Nana was a creative and industrious woman. Her handmade quilts are treasures. Her canned goods from her own garden are still being enjoyed by our family. Her ideas for how to create a special, warm and welcoming home is a wonderful legacy that she leaves behind. We are blessed to be able to enjoy the labors of her love when we spend time at her home. Here are some photos, most of which do not do any justice to how special this place is, but it's fun to share so others might see and appreciate.

Front view of cabin. The section of cabin with the stone chimney is the two-story historic 1800's cabin. The section on the front with the blue arched window and the section on the left with the shed roof porch are the newer additions. 
Back view of cabin.

View of the screened porch with one of the salvaged "squeaky" doors. Large river rocks serve as steps to the porch.
Old corn crib that houses gardening supplies, and a little fenced garden spot to deter deer, rabbits, and black bears.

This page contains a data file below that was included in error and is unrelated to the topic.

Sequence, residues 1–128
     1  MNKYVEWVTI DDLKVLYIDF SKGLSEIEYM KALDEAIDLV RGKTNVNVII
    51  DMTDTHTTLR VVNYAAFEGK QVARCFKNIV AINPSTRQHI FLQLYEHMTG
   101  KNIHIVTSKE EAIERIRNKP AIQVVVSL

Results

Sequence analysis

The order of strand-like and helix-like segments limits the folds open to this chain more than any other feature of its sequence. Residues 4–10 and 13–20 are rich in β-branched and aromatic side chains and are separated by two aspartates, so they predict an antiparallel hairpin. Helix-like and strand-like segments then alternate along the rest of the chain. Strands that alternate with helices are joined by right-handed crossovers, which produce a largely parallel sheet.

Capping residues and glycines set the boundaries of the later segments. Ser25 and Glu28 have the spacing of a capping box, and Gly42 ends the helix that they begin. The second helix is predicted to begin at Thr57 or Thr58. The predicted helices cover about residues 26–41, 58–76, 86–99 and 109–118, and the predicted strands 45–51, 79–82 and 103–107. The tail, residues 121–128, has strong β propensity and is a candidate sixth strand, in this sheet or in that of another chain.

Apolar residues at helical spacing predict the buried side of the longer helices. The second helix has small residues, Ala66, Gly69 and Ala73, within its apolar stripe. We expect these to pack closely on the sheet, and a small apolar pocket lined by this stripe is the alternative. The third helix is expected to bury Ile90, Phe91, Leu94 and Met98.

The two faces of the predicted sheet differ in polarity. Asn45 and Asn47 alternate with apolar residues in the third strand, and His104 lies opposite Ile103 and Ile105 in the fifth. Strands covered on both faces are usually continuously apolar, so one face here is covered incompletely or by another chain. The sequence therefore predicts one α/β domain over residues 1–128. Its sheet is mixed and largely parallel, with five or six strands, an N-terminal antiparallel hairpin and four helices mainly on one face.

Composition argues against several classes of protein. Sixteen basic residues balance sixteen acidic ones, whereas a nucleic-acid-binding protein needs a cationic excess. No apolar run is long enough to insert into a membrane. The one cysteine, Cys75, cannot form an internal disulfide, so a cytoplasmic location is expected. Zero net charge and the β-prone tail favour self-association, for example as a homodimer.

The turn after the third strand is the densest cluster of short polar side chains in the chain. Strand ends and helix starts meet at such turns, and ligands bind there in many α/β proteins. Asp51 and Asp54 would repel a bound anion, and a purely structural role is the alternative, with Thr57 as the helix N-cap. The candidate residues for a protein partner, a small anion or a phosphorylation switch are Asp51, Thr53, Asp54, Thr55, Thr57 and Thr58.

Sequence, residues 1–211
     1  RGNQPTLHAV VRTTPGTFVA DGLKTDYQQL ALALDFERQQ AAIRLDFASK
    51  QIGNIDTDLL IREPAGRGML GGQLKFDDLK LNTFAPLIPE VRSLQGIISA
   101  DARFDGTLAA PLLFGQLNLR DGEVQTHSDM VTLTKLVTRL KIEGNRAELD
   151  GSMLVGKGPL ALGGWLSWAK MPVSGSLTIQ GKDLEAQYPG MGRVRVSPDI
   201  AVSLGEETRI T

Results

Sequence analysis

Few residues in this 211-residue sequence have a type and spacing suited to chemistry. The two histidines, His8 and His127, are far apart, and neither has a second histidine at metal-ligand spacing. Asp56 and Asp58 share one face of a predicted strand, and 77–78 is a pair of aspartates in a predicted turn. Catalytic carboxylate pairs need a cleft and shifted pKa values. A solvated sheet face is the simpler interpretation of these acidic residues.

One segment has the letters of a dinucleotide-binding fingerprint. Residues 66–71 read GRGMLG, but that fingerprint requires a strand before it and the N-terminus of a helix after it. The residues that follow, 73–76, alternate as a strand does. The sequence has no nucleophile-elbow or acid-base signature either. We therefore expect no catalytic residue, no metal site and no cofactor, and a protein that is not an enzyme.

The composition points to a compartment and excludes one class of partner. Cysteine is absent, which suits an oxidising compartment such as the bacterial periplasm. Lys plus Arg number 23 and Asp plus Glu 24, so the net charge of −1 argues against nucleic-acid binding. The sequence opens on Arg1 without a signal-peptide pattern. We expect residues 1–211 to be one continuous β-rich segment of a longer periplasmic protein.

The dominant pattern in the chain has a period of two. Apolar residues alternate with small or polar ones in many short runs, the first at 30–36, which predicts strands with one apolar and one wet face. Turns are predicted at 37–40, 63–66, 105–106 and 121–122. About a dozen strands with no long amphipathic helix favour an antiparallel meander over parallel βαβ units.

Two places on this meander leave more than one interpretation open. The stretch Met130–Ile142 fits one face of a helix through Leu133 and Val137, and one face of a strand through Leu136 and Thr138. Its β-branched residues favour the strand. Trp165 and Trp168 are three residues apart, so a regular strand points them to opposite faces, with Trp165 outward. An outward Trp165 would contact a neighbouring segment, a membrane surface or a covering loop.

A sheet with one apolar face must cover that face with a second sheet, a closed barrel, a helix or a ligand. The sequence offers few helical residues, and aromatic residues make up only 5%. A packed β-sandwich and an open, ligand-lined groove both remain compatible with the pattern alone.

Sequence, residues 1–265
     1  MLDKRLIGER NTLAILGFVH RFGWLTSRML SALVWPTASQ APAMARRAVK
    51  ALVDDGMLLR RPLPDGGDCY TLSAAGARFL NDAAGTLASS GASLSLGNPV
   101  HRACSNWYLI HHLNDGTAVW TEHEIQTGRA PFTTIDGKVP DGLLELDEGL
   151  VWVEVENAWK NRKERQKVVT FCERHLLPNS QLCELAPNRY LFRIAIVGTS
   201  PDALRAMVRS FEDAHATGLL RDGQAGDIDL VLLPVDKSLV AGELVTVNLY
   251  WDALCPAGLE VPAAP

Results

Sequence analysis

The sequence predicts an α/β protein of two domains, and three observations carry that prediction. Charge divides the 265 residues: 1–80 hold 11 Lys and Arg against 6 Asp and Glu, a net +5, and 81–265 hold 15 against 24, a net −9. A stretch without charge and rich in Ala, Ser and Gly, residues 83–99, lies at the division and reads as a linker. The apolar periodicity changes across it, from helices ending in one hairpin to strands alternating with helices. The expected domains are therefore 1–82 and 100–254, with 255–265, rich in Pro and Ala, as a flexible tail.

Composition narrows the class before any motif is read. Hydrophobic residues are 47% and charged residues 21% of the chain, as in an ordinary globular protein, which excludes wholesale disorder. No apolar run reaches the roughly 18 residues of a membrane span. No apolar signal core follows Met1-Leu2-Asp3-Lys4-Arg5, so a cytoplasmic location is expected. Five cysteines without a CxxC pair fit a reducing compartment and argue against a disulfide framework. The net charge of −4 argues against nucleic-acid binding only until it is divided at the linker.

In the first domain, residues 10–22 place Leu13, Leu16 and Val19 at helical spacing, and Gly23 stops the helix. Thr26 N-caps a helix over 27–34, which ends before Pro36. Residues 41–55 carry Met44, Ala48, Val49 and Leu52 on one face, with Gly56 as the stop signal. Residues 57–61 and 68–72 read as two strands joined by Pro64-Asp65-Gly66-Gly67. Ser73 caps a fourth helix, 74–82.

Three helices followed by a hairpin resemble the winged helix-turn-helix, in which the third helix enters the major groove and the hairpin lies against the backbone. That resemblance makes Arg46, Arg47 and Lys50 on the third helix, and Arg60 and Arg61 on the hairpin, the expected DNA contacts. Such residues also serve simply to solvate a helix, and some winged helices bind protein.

The spring house which now serves as the pump house for the well.
View of the small cabin which is used mainly for tool storage and extra building supplies.
Back view of the small cabin and a creek that runs along the property.
Inside the newer addition looking toward the historic cabin with the exposed hand-hewn timbers.
Just a portion of the lovely modern dine-in kitchen.
View of the original stack-stone fireplace in the historic cabin.

Monday, June 15, 2015

What Foster Parents Wish Others Knew

I happened upon an article entitled "What Foster Parents Wish Others Knew," and many of the points rang true for our family. We have encountered similar questions, comments, and sentiments. So I edited the article a little bit for our circumstances and wanted to share it here: